Previous: Why Don't Whales Deafen Themselves?
Next: Why Billions of Passenger Pigeons Died in Under a Century



View count:960
Last sync:2018-07-01 17:10
Houseplants can be great for your mental health, but eating some of them can be far worse for your bodily health than you might think.

Hosted by: Stefan Chin
Support SciShow by becoming a patron on Patreon:
Dooblydoo thanks go to the following Patreon supporters: Lazarus G, Sam Lutfi, Nicholas Smith, D.A. Noe, alexander wadsworth, سلطان الخليفي, Piya Shedden, KatieMarie Magnone, Scott Satovsky Jr, Charles Southerland, Bader AlGhamdi, James Harshaw, Patrick D. Ashmore, Candy, Tim Curwick, charles george, Saul, Mark Terrio-Cameron, Viraansh Bhanushali, Kevin Bealer, Philippe von Bergen, Chris Peters, Justin Lentz
Looking for SciShow elsewhere on the internet?

[♪ INTRO].

People love plants, for food, decoration, or just because taking care of a succulent is a lot less responsibility than a puppy. But many of the house plants that spruce up our surroundings are also poisonous.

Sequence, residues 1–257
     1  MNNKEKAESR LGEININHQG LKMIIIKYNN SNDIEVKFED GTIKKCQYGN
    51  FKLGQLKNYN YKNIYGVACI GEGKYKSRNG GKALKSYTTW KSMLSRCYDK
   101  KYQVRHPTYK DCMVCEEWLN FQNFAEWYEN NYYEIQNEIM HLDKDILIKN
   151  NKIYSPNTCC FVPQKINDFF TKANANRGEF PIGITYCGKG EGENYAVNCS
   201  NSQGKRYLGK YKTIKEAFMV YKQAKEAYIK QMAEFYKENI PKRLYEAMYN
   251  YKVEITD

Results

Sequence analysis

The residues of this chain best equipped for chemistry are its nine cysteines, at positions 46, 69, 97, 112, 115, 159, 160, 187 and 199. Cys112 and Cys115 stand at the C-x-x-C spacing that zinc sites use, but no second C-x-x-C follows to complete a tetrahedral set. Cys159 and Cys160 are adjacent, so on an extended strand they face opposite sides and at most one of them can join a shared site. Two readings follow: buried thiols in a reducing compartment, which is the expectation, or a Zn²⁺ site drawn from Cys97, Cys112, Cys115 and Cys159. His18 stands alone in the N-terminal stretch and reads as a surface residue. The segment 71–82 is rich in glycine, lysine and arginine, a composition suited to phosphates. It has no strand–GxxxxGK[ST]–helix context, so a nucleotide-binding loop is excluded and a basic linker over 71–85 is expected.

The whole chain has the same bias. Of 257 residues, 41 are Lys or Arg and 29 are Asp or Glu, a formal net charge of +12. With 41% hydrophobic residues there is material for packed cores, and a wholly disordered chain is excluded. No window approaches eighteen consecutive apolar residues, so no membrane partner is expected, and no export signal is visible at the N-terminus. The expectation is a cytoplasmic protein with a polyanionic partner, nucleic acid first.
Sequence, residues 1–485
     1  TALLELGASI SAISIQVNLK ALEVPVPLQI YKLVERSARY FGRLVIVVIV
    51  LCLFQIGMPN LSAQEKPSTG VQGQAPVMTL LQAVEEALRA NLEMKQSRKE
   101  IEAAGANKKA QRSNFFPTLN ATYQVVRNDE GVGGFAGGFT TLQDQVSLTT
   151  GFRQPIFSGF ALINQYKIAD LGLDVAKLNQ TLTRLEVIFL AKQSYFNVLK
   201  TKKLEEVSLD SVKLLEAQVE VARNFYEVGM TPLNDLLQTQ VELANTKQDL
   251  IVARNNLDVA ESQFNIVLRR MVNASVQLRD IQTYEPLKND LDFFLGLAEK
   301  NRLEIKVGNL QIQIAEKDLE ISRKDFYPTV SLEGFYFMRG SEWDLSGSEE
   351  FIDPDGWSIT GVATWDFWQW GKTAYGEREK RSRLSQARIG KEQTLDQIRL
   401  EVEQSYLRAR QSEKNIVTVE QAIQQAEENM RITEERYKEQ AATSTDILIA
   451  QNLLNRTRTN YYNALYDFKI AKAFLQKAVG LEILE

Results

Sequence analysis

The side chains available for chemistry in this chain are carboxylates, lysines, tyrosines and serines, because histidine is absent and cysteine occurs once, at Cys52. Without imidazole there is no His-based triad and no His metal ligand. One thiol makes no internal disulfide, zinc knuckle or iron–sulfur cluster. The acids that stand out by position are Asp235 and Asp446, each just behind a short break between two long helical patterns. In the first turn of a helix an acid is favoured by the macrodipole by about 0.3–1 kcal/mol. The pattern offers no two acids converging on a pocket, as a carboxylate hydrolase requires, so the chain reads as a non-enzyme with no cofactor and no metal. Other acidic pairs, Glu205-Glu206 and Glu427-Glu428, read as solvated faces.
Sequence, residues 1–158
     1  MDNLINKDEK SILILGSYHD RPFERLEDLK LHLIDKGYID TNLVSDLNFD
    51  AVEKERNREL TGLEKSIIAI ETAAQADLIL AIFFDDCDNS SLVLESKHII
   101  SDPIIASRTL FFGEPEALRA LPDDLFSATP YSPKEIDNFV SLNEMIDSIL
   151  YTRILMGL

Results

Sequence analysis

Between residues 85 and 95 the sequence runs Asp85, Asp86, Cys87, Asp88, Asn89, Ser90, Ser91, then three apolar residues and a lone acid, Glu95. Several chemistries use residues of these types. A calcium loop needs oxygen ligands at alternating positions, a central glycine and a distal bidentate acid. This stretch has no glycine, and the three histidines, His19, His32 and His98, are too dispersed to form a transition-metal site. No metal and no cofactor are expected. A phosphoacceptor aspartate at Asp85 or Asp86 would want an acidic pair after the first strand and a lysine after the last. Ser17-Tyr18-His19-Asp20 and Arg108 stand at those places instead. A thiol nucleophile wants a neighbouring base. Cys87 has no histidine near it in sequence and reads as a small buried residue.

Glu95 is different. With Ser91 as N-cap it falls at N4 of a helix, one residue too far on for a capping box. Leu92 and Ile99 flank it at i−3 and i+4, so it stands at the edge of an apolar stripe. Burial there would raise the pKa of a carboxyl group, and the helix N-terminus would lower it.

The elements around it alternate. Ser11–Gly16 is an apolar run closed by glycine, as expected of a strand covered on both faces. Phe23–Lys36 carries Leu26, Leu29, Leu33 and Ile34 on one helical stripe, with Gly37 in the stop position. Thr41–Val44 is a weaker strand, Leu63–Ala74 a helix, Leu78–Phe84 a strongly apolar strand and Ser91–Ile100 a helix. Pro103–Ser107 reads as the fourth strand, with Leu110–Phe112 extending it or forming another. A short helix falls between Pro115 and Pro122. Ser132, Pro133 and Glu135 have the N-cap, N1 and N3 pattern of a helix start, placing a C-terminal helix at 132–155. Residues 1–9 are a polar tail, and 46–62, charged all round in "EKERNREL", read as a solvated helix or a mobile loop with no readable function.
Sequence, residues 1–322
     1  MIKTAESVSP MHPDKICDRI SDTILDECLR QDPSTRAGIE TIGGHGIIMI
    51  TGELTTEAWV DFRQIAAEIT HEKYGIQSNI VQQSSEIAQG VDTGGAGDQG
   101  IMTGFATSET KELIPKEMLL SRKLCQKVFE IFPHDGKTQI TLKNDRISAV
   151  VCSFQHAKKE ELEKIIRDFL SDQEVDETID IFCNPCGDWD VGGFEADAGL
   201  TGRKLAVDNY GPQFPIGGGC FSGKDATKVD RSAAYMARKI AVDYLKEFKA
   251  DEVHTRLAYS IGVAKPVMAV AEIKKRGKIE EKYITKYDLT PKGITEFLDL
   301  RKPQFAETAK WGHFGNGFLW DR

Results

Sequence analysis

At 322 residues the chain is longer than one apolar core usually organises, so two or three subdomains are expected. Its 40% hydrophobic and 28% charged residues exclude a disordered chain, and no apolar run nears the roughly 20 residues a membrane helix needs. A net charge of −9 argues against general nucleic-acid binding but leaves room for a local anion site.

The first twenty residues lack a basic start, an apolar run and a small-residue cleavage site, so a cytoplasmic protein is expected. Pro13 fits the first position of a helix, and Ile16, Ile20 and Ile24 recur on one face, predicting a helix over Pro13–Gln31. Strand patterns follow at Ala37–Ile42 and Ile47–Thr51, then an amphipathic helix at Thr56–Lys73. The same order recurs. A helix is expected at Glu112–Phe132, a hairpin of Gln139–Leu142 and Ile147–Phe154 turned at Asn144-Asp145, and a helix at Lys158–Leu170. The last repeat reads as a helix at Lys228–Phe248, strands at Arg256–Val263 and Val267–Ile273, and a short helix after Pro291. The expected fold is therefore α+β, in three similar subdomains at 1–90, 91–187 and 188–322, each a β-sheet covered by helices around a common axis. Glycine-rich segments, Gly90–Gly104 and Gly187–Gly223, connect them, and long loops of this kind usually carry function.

Kids and pets are the usual victims in plant poisonings because they have a tendency to explore the world with their mouths. In fact, when the American Association of Poison Control Centers compiles their annual poisoning report, plants are typically in the top 10 causes of accidental poisoning in children. So you can be aware of the dangers lurking in your house, here are 9 plants you might have around your home that are actually pretty toxic if they end up inside you.

Dieffenbachia is a popular house and office plant because it can survive without much sunlight or TLC. But it can be bad news if you mess with it. This plant has specialized cells that contain calcium oxalate crystals.

That’s the same chemical that makes up most kidney stones, which get stuck in the tube that connects your kidneys to your bladder. Erh. In Dieffenbachia, these crystals can come in a couple different shapes.

Druses have a star-like shape, while raphides are needle-like. And researchers think that calcium oxalate crystals might have different functions in different parts of the plant, from deterring hungry herbivores to adding structural support. For instance, if cells in the tasty-looking leaves are damaged, like by chewing, they can forcefully expel the raphides like microscopic darts.

These stabby crystals, and other plant proteins on them, can severely irritate the delicate tissue in a mouth. In humans, the swelling they cause can make it difficult to talk, hence Dieffenbachia’s common name: dumb cane, dumb being an antiquated, insulting term for someone who can’t speak. And if you’re unlucky enough to get a squirt of sap in your eye, those crystals can damage your cornea, the clear protective covering on the front of your eyeball.